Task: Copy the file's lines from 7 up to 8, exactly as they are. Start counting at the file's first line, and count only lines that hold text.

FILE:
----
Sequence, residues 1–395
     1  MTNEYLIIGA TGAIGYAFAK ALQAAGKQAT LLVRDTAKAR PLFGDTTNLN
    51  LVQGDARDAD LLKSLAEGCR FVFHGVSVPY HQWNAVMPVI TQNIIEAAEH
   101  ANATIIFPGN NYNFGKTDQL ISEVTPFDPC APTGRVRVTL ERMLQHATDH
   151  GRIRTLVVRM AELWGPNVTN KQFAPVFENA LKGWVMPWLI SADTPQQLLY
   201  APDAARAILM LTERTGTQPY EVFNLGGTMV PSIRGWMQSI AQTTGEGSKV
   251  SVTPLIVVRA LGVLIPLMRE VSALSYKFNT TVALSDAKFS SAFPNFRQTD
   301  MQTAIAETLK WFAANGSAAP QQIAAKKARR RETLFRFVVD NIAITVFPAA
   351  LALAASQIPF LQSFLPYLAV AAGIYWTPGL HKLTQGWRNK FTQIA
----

   251  SVTPLIVVRA LGVLIPLMRE VSALSYKFNT TVALSDAKFS SAFPNFRQTD
   301  MQTAIAETLK WFAANGSAAP QQIAAKKARR RETLFRFVVD NIAITVFPAA